Summary of this week's Torah portion: Parshat Shoftim (Deuteronomy 16:18-21:9) deals primarily with the commandments regarding the establishment of a system of leadership in the land of Israel, beginning with the appointment of courts, judges, and officers in every city. After delineating the process of prosecuting an idolater, the Torah teaches that the death penalty shall be imposed upon any scholar who renders a decision against the Great Sanhedrin (High Court of 71 judges) in Jerusalem, no matter how important or great the disputing scholar may be. The Jewish people are commanded to request a king once they have settled in the land of Israel. Some of the special gifts which are to be given to the Kohanim (priests) are listed. After describing the nature of prophecy, the Torah repeats the laws of the Ir Hamiklat, city of refuge for accidental murderers, and describes the special judicial case of Edim Zomemim, conspiring witnesses. The Torah then deals with several aspects of the nation's conduct in war, telling them not to be afraid of the enemy, and listing those people who are exempt from army service. The enemy must first be given the opportunity to make peace, and the Jewish people must be careful not to destroy any fruit trees in battle. The Torah portion concludes with the case of the unresolved murder and the ritual of the eglah arufah, the axed heifer, which serves as an atonement for the people of the neighboring cities for not preventing the murder.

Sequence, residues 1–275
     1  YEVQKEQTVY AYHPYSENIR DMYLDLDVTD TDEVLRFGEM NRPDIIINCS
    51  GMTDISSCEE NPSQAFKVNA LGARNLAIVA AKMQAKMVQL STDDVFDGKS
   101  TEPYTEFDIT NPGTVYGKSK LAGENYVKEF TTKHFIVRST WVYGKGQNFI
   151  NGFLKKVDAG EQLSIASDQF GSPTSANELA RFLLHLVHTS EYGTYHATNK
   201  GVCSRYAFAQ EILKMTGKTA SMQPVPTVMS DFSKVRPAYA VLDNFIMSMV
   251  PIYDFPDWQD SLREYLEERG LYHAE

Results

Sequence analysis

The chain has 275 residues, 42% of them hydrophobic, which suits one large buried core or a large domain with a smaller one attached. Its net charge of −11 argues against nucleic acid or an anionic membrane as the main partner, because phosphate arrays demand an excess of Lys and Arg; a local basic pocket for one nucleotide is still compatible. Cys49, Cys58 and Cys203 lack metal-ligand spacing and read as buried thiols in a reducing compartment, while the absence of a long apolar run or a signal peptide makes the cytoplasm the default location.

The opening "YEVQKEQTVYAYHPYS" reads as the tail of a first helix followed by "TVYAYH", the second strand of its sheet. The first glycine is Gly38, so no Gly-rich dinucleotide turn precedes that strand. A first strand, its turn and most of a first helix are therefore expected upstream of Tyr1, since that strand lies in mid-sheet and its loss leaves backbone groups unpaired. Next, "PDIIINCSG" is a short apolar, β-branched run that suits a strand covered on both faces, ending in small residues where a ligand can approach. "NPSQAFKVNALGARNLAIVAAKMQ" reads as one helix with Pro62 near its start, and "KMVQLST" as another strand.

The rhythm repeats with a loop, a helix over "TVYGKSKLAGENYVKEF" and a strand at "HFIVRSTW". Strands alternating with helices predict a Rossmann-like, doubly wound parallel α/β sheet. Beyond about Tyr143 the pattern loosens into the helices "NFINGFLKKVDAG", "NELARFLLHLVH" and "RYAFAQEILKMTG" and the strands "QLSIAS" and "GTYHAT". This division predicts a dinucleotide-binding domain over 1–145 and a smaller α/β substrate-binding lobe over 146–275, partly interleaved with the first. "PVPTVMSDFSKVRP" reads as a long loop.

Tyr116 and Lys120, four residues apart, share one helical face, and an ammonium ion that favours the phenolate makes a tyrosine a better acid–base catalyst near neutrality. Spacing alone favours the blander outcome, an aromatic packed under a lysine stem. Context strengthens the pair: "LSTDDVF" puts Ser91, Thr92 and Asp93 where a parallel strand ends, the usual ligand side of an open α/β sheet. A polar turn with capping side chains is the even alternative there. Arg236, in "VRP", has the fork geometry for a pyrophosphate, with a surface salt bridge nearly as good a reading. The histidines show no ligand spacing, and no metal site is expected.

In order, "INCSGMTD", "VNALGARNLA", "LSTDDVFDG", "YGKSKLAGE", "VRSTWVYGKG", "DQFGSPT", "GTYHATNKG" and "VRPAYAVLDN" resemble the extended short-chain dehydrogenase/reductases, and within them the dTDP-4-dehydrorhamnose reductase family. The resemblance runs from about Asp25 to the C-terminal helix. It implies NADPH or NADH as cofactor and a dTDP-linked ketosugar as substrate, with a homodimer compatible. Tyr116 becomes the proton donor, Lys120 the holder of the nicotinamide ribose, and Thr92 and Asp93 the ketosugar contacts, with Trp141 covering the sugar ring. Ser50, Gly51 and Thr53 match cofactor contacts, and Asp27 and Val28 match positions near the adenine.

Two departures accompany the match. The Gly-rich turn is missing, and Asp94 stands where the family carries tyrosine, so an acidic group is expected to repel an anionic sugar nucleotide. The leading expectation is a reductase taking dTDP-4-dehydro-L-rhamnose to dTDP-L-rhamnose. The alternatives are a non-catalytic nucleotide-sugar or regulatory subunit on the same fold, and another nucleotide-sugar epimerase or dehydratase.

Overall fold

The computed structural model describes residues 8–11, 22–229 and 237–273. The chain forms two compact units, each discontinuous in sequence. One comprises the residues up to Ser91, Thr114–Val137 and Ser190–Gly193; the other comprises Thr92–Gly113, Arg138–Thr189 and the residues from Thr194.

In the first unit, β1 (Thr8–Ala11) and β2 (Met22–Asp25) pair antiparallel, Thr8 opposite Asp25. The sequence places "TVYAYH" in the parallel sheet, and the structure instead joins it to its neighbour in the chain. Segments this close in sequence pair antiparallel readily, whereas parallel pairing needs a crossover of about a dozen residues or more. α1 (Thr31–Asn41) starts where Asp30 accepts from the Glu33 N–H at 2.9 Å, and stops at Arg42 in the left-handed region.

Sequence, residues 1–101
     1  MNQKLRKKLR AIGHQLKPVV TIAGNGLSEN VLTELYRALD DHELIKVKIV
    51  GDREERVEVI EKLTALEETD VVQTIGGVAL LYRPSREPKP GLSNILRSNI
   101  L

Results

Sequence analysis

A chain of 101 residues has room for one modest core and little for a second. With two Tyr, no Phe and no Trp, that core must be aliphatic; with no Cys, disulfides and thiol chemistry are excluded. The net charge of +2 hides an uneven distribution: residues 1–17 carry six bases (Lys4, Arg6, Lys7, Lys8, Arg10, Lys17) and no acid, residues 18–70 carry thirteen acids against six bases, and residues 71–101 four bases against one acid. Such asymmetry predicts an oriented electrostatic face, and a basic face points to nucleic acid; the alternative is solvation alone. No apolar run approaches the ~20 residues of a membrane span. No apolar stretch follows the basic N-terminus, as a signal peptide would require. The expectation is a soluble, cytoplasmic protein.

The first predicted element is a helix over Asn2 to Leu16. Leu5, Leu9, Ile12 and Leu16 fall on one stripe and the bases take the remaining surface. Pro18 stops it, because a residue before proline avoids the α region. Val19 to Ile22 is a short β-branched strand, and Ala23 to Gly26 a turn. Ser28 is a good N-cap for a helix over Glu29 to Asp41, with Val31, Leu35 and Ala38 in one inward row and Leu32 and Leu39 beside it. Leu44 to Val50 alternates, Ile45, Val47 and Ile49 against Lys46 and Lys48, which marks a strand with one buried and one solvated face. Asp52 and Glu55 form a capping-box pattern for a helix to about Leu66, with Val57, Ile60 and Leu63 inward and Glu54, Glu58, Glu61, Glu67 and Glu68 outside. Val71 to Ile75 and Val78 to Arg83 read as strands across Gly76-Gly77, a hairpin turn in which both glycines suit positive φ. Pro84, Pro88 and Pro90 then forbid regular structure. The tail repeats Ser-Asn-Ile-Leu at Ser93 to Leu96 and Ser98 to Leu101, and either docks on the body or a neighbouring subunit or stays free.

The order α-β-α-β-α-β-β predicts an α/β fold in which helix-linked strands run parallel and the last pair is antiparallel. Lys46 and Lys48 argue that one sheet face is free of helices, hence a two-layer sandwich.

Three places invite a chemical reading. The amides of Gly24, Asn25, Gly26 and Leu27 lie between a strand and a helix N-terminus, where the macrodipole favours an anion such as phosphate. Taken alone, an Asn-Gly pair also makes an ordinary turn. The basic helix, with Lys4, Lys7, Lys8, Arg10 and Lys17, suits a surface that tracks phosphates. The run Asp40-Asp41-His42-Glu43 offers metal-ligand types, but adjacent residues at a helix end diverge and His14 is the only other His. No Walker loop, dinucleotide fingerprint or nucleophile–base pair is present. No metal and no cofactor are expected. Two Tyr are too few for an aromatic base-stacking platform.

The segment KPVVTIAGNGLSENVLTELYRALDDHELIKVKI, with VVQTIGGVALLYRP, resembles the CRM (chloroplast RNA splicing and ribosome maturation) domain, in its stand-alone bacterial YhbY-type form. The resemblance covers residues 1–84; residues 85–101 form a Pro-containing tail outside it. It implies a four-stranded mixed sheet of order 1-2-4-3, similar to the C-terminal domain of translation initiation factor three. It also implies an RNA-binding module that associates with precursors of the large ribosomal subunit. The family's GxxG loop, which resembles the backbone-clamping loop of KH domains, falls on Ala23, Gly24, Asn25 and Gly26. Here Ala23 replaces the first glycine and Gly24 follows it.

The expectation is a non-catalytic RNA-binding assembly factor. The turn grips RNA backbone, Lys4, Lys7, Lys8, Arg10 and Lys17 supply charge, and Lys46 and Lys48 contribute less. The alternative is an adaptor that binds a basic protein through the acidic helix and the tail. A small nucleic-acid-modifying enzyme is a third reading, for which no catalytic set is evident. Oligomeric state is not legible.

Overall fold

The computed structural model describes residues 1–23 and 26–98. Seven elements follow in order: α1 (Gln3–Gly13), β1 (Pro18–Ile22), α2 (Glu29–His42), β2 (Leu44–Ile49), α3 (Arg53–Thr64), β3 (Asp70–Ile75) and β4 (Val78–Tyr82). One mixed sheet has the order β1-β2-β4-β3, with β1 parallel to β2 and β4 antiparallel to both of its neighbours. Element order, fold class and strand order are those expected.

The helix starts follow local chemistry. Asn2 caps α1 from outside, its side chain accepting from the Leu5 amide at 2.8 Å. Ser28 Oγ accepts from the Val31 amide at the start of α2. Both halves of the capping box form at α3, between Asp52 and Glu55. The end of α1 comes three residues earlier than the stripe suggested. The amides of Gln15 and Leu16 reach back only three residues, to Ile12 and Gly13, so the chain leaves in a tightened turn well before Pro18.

Would you recommend this summary to a friend? Let us know by sending an e-mail to firstname.lastname@example.org